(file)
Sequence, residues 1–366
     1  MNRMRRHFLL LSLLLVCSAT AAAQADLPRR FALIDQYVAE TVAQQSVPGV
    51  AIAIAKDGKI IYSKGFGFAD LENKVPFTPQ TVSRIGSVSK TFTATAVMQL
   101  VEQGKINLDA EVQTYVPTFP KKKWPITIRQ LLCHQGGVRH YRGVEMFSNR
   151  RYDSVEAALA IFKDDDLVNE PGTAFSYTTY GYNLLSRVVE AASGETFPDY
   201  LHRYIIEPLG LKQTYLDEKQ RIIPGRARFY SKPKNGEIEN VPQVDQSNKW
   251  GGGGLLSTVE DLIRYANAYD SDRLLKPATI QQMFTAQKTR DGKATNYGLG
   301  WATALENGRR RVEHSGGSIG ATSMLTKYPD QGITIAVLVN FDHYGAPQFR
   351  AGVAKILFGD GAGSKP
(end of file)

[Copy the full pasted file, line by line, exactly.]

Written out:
Sequence, residues 1–366
     1  MNRMRRHFLL LSLLLVCSAT AAAQADLPRR FALIDQYVAE TVAQQSVPGV
    51  AIAIAKDGKI IYSKGFGFAD LENKVPFTPQ TVSRIGSVSK TFTATAVMQL
   101  VEQGKINLDA EVQTYVPTFP KKKWPITIRQ LLCHQGGVRH YRGVEMFSNR
   151  RYDSVEAALA IFKDDDLVNE PGTAFSYTTY GYNLLSRVVE AASGETFPDY
   201  LHRYIIEPLG LKQTYLDEKQ RIIPGRARFY SKPKNGEIEN VPQVDQSNKW
   251  GGGGLLSTVE DLIRYANAYD SDRLLKPATI QQMFTAQKTR DGKATNYGLG
   301  WATALENGRR RVEHSGGSIG ATSMLTKYPD QGITIAVLVN FDHYGAPQFR
   351  AGVAKILFGD GAGSKP